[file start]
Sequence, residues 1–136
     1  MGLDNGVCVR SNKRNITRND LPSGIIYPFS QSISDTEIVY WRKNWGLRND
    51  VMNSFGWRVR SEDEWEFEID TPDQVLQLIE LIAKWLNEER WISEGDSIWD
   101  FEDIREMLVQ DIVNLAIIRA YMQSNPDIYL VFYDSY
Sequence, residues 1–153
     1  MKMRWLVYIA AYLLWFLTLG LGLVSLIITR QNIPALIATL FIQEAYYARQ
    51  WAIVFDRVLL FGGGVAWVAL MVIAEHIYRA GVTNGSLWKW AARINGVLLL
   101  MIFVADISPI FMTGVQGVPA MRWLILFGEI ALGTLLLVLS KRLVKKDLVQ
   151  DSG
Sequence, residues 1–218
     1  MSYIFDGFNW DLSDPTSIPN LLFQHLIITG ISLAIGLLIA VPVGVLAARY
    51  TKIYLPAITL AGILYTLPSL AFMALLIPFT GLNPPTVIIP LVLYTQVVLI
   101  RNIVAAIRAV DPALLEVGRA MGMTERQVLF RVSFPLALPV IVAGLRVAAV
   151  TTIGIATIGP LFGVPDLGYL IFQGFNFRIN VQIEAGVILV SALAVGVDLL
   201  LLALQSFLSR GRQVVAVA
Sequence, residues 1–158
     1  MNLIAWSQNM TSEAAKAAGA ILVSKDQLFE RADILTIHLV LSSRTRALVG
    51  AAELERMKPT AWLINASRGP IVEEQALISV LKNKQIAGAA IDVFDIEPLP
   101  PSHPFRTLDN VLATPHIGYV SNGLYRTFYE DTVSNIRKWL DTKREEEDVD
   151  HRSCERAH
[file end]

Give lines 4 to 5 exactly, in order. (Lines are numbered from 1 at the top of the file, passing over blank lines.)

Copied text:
   101  FEDIREMLVQ DIVNLAIIRA YMQSNPDIYL VFYDSY
Sequence, residues 1–153